This activity, mainly organized by ABI Health Cluster – Social Watch Philippines, was to recognize the significant role of peoples’ participation in shaping national policies such as the UHC Bill. Through a 2-day discussion and workshop, participants were able to develop their critique, positions, and recommendation on the UHC Bill, as well as strategize their upcoming plan to critically engage the legislators on this pending bill.

Civil society representatives in the workshop reiterated their campaign for a UHC that adheres to the principles of primary health care, by putting more emphasis on health as a human and constitutional right. With that recognition, they stressed that “every Filipino shall be entitled to healthy living, working, schooling conditions and access to needed promotive, preventive, curative, rehabilitative and palliative health services” that is of sufficient quality and effectivity and should be based on health needs and not on one’s ability to pay health services or providers.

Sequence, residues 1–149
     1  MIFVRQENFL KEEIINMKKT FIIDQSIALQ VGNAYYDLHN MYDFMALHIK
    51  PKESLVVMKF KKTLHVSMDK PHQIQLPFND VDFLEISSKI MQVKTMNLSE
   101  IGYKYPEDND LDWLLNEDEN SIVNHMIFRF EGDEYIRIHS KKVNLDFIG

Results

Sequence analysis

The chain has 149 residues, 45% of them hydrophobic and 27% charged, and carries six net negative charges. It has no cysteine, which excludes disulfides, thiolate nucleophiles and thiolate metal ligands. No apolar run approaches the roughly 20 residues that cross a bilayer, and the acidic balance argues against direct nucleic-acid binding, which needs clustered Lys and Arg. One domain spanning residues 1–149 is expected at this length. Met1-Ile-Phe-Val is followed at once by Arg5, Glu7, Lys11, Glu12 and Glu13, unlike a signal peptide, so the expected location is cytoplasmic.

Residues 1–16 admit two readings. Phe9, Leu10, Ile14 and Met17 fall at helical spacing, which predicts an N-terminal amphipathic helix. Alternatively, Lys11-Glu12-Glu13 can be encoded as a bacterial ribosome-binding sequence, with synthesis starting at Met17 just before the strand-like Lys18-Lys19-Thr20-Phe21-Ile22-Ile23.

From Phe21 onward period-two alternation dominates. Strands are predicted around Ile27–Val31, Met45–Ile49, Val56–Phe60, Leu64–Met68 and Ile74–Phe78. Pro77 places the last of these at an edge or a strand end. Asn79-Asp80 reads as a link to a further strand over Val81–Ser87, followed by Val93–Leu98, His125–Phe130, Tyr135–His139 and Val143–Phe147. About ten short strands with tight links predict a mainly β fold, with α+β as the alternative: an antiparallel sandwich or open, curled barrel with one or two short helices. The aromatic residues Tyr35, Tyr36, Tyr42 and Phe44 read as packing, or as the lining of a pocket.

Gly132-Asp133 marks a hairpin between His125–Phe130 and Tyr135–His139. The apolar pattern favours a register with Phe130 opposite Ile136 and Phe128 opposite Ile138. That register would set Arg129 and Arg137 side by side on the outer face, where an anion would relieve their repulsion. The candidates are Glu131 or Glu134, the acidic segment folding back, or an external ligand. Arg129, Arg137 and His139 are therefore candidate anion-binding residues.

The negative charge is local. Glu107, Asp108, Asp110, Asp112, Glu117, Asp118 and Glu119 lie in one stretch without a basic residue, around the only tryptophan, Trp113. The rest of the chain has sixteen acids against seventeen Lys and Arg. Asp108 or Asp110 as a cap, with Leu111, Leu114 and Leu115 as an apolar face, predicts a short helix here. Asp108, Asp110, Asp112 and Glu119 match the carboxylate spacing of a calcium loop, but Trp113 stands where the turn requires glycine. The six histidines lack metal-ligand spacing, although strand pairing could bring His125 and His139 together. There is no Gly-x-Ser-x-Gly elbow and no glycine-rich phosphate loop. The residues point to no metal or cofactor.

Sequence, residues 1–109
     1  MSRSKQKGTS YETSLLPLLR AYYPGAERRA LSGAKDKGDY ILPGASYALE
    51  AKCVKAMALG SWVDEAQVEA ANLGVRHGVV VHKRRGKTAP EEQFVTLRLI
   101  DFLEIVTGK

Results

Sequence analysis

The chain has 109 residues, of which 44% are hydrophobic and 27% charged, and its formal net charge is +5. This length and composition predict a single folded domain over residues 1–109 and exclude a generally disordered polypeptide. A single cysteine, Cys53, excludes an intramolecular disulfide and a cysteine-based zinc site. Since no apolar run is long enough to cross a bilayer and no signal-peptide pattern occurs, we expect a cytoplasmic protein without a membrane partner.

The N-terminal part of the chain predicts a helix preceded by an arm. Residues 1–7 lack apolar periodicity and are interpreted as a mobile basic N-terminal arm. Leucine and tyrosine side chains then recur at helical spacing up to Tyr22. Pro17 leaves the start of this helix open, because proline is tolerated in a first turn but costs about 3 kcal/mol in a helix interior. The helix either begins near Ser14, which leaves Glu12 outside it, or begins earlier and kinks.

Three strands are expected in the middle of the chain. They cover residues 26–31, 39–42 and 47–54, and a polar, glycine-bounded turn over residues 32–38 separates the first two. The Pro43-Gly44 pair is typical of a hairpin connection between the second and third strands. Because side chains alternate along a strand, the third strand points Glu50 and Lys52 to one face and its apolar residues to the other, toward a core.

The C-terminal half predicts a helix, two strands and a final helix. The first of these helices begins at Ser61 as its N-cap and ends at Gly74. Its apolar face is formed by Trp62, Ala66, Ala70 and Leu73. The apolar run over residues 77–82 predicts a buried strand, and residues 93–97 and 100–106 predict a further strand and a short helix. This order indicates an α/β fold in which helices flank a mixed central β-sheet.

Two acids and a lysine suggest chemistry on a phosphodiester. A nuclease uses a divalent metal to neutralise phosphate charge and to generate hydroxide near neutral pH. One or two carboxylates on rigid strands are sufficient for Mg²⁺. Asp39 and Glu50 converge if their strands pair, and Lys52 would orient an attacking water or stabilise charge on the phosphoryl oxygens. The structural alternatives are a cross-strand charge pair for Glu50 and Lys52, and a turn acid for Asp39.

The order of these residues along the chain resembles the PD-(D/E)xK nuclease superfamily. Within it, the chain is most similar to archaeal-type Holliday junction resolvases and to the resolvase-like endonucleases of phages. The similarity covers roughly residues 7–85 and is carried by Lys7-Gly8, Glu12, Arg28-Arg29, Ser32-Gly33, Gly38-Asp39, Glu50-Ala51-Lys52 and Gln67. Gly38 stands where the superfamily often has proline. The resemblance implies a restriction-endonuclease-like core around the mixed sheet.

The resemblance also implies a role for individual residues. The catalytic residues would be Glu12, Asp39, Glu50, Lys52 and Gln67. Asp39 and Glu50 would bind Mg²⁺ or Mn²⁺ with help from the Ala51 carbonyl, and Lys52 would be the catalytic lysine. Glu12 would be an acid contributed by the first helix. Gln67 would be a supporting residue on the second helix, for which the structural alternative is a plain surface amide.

In September 2017, the House of Representatives approved House Bill 5784 or an “An Act Providing for a Universal Health Care Coverage for All Filipinos and Appropriating Funds Therefore.” A counterpart bill, SB 1458, was also filed in the Senate last year. To date, with two other recently filed UHC bills in the Upper House, the Senate Committee on Health is already conducting regional public hearings and consultations.

* Photo credit to Fe Manapat of WomanHealth

MOST Academy on Inclusive Policy and Valorization of Knowledge on 21-22 March 2018